Investigation into applications of radioactivity began at the end of the 19th century. Patents for ionizing radiation to kill bacteria in foods were granted in the US and UK in the 1st decade of the 20th century.
Interest in irradiating foods spiked immediately after World War 2, when researchers found that meat and other foods could be sterilized by high-energy ionization. The process was viewed favorably as a way to preserve food for military troops in the field.
To establish the safety and effectiveness of irradiation, the US Army experimented in the 1950s. At the behest of the army, the FDA approved in 1963 the irradiated bacon that became a staple of the military diet.
Then it came to light that lab animals fed irradiated food suffered numerous health problems and early death. In 1968, the FDA rescinded the army’s permission to serve irradiated bacon to its personnel. Nonetheless, on the heels of funding and promotion by the federal government at the behest of the food industry, irradiation become largely accepted by the mid-1980s. The FDA gave permission to irradiate the US food supply in 1986.
Irradiated food in the US is supposed to be signified by the symbol shown, but the labeling is often remiss.
Today, globalized food producers widely use irradiation on fruits and vegetables because it increases shelf life. Most meat products are irradiated as a sanitation shortcut.
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Radiation is one of the more destructive forces in Nature. Doses powerful enough to kill living organisms are also powerful enough to fundamentally alter the food itself. ~ Wenonah Hauter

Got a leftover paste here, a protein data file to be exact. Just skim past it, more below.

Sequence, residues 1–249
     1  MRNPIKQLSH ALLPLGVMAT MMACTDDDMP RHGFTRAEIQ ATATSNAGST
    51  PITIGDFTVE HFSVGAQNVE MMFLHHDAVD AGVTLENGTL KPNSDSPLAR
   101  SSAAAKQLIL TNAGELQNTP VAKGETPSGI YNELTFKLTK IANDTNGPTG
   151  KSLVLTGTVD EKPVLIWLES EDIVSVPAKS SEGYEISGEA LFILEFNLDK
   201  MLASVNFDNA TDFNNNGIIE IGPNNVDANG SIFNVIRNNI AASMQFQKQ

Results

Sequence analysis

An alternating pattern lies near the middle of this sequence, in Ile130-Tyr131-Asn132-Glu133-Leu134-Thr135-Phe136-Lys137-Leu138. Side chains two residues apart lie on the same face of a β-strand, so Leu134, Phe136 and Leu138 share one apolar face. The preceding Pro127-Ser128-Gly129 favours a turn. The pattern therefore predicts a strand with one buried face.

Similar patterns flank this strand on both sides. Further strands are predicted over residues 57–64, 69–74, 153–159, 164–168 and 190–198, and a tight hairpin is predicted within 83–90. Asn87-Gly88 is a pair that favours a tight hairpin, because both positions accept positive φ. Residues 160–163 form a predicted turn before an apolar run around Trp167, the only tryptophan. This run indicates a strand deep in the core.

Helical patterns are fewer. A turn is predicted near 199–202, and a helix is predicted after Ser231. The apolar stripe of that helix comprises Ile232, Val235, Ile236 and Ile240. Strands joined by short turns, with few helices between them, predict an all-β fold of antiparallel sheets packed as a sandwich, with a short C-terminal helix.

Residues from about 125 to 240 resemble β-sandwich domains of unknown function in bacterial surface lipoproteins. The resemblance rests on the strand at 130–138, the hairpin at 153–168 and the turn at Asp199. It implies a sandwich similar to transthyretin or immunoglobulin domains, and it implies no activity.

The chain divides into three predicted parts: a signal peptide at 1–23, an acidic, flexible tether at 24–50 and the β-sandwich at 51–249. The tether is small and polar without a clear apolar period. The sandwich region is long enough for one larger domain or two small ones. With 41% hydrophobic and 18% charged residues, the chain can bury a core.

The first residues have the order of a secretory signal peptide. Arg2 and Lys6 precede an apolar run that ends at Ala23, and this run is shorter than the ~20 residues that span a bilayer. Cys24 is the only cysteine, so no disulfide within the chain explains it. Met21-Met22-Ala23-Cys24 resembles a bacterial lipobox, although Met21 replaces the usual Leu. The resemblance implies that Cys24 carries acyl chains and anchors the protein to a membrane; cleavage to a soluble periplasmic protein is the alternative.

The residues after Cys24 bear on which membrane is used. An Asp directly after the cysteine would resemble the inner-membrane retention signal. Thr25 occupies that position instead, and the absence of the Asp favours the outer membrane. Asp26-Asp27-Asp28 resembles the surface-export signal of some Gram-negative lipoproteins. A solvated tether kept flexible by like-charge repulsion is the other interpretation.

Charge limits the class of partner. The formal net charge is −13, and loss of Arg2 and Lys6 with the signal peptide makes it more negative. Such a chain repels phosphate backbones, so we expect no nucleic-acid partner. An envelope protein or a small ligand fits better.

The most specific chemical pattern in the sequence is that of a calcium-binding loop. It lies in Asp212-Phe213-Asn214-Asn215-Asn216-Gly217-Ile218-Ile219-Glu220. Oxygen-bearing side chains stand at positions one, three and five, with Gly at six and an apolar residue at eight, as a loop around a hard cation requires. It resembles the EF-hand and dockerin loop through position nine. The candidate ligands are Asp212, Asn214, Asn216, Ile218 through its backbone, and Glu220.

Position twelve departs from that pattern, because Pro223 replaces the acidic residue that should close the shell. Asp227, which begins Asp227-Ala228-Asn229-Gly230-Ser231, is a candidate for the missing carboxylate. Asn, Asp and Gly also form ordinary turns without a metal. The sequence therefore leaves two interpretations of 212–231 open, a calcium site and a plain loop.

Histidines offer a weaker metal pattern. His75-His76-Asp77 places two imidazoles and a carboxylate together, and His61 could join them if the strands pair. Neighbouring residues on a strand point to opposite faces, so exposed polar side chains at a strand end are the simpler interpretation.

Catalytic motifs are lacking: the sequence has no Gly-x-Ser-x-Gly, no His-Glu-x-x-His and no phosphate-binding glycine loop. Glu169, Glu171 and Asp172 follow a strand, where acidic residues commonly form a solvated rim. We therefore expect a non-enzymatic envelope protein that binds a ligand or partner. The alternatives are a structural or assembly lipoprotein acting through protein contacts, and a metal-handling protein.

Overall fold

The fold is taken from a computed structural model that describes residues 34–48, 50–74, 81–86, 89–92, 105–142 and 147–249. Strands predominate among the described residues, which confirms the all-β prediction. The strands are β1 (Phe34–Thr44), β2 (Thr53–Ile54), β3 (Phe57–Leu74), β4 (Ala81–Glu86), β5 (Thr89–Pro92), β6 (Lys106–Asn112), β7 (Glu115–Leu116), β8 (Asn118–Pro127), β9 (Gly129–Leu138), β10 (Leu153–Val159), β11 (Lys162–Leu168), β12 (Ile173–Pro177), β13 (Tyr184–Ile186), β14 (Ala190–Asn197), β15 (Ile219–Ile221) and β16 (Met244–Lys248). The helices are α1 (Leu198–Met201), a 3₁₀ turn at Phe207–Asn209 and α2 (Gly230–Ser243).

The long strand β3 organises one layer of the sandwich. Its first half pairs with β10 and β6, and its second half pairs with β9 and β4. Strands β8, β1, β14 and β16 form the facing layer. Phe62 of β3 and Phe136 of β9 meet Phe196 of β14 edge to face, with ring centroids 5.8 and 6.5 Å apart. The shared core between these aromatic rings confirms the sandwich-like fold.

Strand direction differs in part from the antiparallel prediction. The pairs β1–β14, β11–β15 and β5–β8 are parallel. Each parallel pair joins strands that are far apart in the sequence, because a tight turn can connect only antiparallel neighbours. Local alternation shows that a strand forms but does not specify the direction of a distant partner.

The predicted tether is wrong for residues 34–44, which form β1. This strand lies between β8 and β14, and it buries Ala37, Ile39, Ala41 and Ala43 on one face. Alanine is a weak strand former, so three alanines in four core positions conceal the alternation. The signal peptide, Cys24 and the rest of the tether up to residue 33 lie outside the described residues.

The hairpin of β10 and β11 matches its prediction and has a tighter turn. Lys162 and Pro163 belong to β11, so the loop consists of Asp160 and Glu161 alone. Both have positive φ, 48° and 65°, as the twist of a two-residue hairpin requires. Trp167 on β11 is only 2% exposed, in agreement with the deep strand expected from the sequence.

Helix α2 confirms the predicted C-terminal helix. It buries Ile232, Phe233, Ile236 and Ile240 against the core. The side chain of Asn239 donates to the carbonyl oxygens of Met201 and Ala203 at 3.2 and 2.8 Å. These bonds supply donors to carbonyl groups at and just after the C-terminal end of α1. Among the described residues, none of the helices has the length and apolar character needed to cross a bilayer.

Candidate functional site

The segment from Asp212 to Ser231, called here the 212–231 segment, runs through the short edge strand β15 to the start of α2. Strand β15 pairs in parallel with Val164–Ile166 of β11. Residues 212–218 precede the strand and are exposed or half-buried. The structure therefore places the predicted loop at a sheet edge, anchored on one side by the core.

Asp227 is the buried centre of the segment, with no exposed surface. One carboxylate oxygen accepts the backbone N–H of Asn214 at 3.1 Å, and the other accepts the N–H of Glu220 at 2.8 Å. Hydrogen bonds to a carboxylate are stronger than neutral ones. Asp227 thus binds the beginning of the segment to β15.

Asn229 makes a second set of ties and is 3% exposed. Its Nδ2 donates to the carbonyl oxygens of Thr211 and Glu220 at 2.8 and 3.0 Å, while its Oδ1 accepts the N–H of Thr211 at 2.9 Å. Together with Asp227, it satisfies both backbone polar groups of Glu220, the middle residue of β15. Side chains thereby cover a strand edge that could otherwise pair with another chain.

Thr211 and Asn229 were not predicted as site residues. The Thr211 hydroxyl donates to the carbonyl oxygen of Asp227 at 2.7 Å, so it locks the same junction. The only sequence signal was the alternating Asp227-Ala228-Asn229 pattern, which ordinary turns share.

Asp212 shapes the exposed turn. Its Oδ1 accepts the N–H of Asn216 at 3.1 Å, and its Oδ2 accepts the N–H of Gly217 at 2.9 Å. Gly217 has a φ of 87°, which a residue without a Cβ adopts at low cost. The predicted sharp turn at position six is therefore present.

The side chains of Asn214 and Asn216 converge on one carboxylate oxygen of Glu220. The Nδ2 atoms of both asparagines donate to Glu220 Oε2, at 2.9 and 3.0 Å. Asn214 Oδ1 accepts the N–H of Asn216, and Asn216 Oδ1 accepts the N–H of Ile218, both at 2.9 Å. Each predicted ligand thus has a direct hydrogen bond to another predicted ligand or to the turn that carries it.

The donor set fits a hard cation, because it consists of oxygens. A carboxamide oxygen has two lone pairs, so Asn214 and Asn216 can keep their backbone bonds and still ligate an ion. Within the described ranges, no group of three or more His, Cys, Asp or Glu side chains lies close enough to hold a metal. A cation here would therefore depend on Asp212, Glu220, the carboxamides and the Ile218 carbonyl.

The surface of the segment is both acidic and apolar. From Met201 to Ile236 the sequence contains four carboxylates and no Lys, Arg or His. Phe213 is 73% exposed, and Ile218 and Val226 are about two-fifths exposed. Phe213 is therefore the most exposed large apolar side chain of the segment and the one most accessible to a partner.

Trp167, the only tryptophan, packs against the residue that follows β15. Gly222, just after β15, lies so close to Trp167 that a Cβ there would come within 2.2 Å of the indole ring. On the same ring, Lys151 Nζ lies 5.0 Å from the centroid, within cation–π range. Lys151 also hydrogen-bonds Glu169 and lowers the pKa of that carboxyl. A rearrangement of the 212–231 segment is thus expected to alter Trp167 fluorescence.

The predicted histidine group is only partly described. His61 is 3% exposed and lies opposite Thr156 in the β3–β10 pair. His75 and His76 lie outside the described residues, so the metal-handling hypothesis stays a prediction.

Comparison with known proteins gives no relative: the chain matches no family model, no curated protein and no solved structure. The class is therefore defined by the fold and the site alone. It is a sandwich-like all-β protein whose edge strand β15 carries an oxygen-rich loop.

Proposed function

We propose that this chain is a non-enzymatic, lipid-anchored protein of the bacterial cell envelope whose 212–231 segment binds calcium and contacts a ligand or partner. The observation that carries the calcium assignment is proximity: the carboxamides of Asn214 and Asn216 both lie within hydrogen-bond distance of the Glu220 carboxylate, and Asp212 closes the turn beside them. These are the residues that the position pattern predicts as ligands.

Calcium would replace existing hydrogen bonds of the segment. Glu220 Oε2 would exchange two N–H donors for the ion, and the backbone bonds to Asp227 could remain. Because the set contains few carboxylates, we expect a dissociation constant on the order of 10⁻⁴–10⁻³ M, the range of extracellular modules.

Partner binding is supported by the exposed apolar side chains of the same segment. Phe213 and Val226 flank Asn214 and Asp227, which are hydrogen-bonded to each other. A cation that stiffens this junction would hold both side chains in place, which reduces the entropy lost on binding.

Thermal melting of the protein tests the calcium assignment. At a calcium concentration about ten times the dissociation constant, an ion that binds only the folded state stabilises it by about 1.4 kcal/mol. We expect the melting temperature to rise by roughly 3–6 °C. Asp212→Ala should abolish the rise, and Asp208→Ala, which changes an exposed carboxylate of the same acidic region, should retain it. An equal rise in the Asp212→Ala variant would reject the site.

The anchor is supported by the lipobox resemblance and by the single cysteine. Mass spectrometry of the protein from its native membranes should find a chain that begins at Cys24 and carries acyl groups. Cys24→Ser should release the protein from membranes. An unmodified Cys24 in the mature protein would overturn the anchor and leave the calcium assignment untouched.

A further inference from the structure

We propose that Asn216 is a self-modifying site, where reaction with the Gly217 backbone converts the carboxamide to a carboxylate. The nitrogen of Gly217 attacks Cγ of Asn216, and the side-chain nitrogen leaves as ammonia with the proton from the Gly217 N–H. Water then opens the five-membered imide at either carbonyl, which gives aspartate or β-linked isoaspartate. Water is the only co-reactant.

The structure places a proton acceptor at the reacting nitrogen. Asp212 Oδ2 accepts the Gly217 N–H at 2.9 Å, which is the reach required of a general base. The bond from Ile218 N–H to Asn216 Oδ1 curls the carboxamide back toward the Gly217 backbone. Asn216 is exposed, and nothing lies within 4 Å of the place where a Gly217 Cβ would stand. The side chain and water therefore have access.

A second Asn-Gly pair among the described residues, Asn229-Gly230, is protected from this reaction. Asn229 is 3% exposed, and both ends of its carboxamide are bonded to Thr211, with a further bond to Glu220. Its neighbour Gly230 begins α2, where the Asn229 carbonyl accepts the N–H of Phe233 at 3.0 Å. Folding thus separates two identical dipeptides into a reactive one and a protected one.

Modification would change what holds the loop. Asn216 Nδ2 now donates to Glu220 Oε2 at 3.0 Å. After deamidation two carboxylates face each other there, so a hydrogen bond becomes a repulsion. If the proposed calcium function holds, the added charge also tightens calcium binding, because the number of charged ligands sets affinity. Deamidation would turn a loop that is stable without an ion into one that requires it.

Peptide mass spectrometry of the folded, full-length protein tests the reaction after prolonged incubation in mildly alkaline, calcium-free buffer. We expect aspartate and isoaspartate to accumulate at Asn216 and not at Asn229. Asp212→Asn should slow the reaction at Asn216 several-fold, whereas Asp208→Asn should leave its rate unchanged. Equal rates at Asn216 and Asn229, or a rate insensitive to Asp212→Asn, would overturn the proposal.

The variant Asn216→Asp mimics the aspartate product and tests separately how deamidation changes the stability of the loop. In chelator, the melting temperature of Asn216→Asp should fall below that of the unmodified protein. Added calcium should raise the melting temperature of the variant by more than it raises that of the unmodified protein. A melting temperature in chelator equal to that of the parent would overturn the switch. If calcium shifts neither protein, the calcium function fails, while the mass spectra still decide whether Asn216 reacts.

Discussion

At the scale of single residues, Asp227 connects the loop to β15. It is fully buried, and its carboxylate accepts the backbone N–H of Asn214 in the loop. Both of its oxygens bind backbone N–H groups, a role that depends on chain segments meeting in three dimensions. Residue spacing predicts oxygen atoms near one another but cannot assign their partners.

Irradiation damages food by tearing molecules asunder and creating free radicals. The ionization and free radicals kill some bacteria, but they also damage vitamins and enzymes in the food, and combine with existing chemicals, particularly pesticides, to form new compounds, some of which are known toxins.
Even the earliest experiments on food irradiation showed an inherent loss of nutritional value, especially vitamins. Irradiation damages the natural digestive enzymes found in raw foods, which means the body’s gut flora have to work harder to digest them, furthering nutritional loss.
The longest study on the long-term health effects of irradiated foods has been 15 weeks. The FDA based its approval of irradiation on short-term small-scale tests coupled to theoretical calculations.
No studies have been done on the most vulnerable segment of the population: children. As aforementioned, studies on other mammals show ill effects.
Most importantly, the effectiveness of irradiation is problematic. Because irradiation fails to deliver a lethal dose to all the microbes in food, whatever pathogens survive are all hardier for the experience. Hence, irradiation may actually engender what it aims to eliminate.